Why do I garden? The answer is easy. I enjoy going out to my garden in the morning, picking what is ripe, and planning my meals around what is in season at the moment. When I moved to Virginia four years ago, one of the first things I did was fence off a portion of the yard in order to plant my vegetable garden. I was lucky in Pennsylvania to have a friend who had a garden. Given that gardeners seem to like to share their bounty, I enjoyed the fresh vegetables from her garden that she sent my way. After looking at the pitiful and often wilted selection of produce at the local market on the island, I knew what I wanted to do!
I already had a little herb garden here on the side of the house, but I knew nothing -- and I mean NOTHING -- about vegetable gardening. I thought of myself primarily as a flower gardener at that point. But, I knew what I liked to eat and that was a start. One huge pile of donkey manure later (a very unattractive feature in my front yard for a few weeks), hauled load by painstaking load to the plot (in the FAR corner of my rather large back yard, I might add!), and I was ready to plant. A book called "The Vegetable Gardener's Bible" by Edward C. Smith truly became my bible that first year. It still is my best reference and one I recommend to anyone, whether they are a novice or a veteran gardener. From these pages, I learned what to plant and when. Most importantly, I learned about the idea of companion planting -- basically, what vegetables were friends and should be planted together, and which need some degree of separation to be more successful.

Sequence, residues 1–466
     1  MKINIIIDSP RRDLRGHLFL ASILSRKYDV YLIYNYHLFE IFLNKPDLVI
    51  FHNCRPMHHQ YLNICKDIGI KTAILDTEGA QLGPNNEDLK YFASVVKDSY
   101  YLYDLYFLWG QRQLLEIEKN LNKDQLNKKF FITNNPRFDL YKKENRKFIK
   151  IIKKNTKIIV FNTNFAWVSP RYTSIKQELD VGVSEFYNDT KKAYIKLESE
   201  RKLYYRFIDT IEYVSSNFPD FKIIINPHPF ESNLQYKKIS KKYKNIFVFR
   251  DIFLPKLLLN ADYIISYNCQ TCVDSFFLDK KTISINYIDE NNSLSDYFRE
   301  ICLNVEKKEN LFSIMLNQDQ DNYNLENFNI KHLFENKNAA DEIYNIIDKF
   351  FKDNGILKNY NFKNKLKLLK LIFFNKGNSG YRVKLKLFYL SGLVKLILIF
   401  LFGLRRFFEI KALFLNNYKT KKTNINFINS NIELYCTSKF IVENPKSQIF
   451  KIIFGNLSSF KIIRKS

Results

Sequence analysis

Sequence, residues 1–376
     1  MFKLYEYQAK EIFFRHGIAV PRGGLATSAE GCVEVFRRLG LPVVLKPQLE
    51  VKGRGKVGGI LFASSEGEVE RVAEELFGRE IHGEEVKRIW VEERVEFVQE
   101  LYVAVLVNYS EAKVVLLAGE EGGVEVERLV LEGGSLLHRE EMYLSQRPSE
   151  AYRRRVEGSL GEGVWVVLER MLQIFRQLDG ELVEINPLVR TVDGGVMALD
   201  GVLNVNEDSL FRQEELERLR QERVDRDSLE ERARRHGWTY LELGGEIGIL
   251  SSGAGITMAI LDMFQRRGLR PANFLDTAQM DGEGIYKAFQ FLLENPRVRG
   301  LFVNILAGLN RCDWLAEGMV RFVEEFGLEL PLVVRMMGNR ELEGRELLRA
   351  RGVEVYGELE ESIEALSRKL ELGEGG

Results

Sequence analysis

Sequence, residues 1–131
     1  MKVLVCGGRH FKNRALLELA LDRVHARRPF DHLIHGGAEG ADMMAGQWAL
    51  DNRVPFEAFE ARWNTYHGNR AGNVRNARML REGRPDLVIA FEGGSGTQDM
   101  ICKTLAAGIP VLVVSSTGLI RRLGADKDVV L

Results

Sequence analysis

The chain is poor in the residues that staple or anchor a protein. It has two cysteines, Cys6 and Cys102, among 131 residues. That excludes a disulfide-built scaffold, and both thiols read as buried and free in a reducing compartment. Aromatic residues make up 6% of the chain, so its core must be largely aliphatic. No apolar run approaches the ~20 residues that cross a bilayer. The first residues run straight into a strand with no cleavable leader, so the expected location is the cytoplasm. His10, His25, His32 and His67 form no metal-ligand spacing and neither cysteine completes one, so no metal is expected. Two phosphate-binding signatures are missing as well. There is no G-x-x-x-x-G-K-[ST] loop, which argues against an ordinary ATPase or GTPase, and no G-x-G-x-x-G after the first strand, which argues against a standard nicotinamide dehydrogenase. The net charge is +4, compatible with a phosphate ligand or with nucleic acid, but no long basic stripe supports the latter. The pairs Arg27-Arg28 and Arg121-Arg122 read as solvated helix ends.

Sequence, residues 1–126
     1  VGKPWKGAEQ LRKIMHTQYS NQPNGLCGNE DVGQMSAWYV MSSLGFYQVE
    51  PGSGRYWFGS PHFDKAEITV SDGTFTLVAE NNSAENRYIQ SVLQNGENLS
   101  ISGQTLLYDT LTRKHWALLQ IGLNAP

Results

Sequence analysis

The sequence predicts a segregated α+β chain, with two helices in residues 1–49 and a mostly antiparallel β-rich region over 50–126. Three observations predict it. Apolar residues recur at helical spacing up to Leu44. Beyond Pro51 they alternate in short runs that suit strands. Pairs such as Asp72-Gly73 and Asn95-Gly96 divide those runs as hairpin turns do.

So, I bought some young plants and seeds, got my hands dirty, and guess what? My garden, if I must say so, was quite impressive for someone who was learning literally by doing. I remember bringing some of the very first vegetables over as a gift to my parents in my great-grandfather's basket (more about that in a later post), artfully arranged within. They were so pleased to see that I was using the basket and also to have the fresh food to eat (FYI: They got to keep the food, but not the basket!!). Nonetheless, one of the most satisfying aspects of gardening for me is sharing my harvest with others!
I suppose the intention of this post is to convey that you don't have to be an expert to start your garden. You don't even have to plant a large plot. Many vegetables do well in pots, if that's all you can do or have the space for. So, just do it! There is a big push now to eat local food. You can't get any more local than your own yard! I can guarantee that once you get the taste of your own vegetables, you will be hooked!